INTRODUCTION: Inhalational injury is a known cause of primary bronchiolitis and a number of substances including chlorine, sulfur dioxide, and phosgene have been identified as inciting agents. A small cohort of US Army soldiers were diagnosed with biopsy proven bronchiolitis after service in Iraq. All had presented with duty-limiting dyspnea and many were exposed to the sulfur dioxide fires at the Mishraq Sulfur Mine near Mosul in June 2003.(1) A portion of this same group of soldiers reported no inhalational exposures despite similar symptoms. Thus, there appears to be other unknown inhalants producing similar pathophysiological manifestations as the sulfur. We report a case of an Army soldier who has developed limiting bronchiolitis after serving in Iraq during 2005 and 2009 despite the absence of exposure to sulfur dioxide fires.
CASE PRESENTATION: A 56-year-old non smoking male presented to his primary care physician with a complaint of dyspnea on exertion of one year's duration. He carries a history of obstructive sleep apnea with nightly non-invasive ventilation (NIV), post-traumatic stress disorder, peripheral neuropathy and post-vaccine encephalitis. He served as a surgeon for 1 month in Balad (2005) as well as 3 months in Tikrit (2009). For his dyspnea, he underwent an initial cardiac evaluation which was normal. His subsequent pulmonary evaluation was notable for an adequate 6 minute walk test, and mild gas exchange abnormality on his pulmonary function tests. A computed tomography (CT) scan demonstrated subpleural, posteriorly located right lower lobe airspace disease. Subsequent VATS lung biopsy revealed mild, chronic inflammation of the small airways with bronchiolectasia and mild peribronchial fibrosis. Physical examination was notable only for a body mass index of 40, with no physical manifestations of hypoxemia. Repeat pulmonary function testing demonstrated a mild restrictive ventilatory defect with a mild gas exchange abnormality. Cardiopulmonary exercise testing revealed normal functional capabilities with a mildly reduced VO2max. The patient was instructed to lose weight and required no systemic therapy.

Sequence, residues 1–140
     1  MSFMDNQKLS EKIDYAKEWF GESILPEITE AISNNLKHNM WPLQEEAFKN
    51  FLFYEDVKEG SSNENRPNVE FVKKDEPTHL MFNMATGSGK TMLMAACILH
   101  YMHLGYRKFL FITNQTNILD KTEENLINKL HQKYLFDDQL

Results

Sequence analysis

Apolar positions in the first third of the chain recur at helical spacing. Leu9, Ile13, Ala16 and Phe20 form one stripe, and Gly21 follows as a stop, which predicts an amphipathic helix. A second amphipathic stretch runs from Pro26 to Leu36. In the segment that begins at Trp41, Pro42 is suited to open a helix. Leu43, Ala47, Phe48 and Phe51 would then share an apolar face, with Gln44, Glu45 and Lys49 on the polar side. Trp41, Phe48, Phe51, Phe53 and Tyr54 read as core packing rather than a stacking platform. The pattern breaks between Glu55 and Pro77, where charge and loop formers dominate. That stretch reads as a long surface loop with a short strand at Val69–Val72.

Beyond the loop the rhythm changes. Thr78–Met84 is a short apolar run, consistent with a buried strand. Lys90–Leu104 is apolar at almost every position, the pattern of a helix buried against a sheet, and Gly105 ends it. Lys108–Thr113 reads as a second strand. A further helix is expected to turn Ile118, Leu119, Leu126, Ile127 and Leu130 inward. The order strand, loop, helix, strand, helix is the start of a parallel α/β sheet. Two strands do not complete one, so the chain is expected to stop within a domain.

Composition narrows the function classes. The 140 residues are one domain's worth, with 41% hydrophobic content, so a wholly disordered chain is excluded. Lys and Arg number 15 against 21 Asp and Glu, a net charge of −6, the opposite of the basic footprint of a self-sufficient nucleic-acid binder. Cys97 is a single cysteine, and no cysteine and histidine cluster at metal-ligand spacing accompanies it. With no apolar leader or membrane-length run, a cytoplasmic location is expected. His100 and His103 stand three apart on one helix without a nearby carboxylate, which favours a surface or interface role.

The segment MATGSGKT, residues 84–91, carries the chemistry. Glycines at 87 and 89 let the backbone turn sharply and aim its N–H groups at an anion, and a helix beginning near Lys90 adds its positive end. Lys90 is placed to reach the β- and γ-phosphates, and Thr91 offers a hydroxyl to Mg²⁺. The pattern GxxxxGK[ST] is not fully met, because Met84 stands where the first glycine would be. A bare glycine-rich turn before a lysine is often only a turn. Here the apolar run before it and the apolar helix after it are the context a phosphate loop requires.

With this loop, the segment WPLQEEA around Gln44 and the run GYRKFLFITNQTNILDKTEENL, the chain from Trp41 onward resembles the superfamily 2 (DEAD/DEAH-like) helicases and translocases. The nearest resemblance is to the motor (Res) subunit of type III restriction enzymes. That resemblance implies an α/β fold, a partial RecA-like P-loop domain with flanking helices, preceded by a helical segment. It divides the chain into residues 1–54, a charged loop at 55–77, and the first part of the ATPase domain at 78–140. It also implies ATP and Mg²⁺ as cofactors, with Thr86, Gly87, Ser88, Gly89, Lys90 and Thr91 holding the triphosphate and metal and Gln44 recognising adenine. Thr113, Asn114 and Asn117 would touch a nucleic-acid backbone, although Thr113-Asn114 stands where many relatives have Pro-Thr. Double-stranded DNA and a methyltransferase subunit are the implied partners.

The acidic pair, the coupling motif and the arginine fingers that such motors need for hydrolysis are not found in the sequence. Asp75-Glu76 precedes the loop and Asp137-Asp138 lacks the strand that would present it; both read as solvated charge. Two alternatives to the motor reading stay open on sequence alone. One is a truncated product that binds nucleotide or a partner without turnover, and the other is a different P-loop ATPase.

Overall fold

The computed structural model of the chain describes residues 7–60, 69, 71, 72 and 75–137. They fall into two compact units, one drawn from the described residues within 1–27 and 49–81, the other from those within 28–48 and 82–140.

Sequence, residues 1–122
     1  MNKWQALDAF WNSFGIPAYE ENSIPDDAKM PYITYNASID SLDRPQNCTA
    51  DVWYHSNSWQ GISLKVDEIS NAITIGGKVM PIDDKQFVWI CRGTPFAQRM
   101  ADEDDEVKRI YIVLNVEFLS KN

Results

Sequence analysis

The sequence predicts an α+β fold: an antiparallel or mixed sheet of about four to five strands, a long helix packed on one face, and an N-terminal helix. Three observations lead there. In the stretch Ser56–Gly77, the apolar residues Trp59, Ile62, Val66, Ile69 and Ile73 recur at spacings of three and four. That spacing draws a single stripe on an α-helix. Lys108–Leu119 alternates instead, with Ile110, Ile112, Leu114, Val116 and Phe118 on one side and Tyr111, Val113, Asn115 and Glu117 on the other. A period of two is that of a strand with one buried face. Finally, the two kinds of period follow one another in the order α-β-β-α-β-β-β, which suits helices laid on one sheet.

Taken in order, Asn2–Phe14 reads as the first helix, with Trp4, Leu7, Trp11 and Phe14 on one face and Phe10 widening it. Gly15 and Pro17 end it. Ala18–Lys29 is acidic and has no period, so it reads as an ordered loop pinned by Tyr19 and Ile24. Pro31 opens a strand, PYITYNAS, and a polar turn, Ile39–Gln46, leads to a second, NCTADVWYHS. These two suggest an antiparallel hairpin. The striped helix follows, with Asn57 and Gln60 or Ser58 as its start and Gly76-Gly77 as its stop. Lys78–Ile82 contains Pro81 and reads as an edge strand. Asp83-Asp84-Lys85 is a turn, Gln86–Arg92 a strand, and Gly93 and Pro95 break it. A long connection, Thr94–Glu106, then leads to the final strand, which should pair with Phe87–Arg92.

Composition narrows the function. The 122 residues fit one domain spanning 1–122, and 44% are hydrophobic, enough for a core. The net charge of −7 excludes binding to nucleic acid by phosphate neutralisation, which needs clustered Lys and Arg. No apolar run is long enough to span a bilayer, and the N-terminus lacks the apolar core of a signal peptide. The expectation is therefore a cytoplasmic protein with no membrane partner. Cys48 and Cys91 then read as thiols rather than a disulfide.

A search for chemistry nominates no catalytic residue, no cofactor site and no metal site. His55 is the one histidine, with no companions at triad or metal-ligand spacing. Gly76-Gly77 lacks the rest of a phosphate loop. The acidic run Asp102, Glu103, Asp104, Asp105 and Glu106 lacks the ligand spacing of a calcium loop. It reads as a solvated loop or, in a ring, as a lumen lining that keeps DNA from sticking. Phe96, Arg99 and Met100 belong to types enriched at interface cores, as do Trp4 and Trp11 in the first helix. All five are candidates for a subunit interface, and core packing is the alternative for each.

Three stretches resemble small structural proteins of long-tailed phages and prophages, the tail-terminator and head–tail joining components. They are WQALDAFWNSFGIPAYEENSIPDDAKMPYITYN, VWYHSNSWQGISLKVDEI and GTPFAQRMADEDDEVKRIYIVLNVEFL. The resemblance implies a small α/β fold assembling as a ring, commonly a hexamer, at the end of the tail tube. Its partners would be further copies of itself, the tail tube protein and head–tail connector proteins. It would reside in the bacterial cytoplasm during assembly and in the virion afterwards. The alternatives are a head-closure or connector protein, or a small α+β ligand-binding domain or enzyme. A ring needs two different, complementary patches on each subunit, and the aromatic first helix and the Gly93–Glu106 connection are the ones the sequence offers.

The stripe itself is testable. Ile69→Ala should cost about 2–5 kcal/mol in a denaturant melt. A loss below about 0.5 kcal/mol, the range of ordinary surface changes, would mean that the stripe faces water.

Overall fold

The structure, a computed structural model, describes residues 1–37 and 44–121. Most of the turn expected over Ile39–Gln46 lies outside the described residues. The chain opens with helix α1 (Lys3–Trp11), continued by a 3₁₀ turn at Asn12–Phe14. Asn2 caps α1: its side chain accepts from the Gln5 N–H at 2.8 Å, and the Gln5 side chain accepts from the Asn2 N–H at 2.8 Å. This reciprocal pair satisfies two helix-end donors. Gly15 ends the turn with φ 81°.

DISCUSSIONS: Morbid obesity has been previously reported to be associated with reductions in expiratory reserve volumes as well as DLCO. It can also account for our patient’s suboptimal cardiopulmonary exercise test. However, the documented bronchiolitis and CT findings would be consistent with airway injury not explained by his obesity. Inhalation of a variety of toxic substances has the potential to cause bronchiolitis and an injury pattern similar to the one exhibited here. Furthermore, a similar pattern of findings were exhibited by the soldiers deployed from Fort Campbell to Iraq, specifically those without sulfur dioxide exposure. It is not clear what particular agent may be responsible for these findings, but given the variety of exposures associated with the intense combat environment within Iraq, including its desert location, burn pits, burning human waste, weapon operation and diesel exhaust, any number of possibilities could be implicated.(2) Given the large number of troops deployed during the Iraq War, the potential exists for a growing patient population with a similar presentation and duty-limiting complications.
CONCLUSION: Bronchiolitis should be on the differential diagnosis for soldiers serving in Iraq presenting with similar symptoms and imaging. Further research and insight will standardize an approach to diagnosis, treatment and potentially preventative measures.
DISCLOSURE: William Bender, No Financial Disclosure Information; No Product/Research Disclosure Information